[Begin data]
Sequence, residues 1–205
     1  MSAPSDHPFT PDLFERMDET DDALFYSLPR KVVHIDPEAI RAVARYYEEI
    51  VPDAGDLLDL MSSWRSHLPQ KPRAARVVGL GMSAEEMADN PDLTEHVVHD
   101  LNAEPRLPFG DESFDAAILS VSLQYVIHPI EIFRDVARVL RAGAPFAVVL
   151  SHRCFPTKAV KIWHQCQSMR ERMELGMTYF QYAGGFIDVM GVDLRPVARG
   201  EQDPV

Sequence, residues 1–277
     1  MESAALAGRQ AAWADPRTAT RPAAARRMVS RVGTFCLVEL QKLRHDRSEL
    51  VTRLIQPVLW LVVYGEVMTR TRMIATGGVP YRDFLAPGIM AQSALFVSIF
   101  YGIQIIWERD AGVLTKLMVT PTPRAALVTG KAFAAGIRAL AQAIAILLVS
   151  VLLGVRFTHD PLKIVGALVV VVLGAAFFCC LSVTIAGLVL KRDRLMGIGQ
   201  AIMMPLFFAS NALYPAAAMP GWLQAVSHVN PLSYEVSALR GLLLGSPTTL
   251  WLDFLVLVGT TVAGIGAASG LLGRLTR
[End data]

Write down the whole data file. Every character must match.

Sequence, residues 1–205
     1  MSAPSDHPFT PDLFERMDET DDALFYSLPR KVVHIDPEAI RAVARYYEEI
    51  VPDAGDLLDL MSSWRSHLPQ KPRAARVVGL GMSAEEMADN PDLTEHVVHD
   101  LNAEPRLPFG DESFDAAILS VSLQYVIHPI EIFRDVARVL RAGAPFAVVL
   151  SHRCFPTKAV KIWHQCQSMR ERMELGMTYF QYAGGFIDVM GVDLRPVARG
   201  EQDPV

Sequence, residues 1–277
     1  MESAALAGRQ AAWADPRTAT RPAAARRMVS RVGTFCLVEL QKLRHDRSEL
    51  VTRLIQPVLW LVVYGEVMTR TRMIATGGVP YRDFLAPGIM AQSALFVSIF
   101  YGIQIIWERD AGVLTKLMVT PTPRAALVTG KAFAAGIRAL AQAIAILLVS
   151  VLLGVRFTHD PLKIVGALVV VVLGAAFFCC LSVTIAGLVL KRDRLMGIGQ
   201  AIMMPLFFAS NALYPAAAMP GWLQAVSHVN PLSYEVSALR GLLLGSPTTL
   251  WLDFLVLVGT TVAGIGAASG LLGRLTR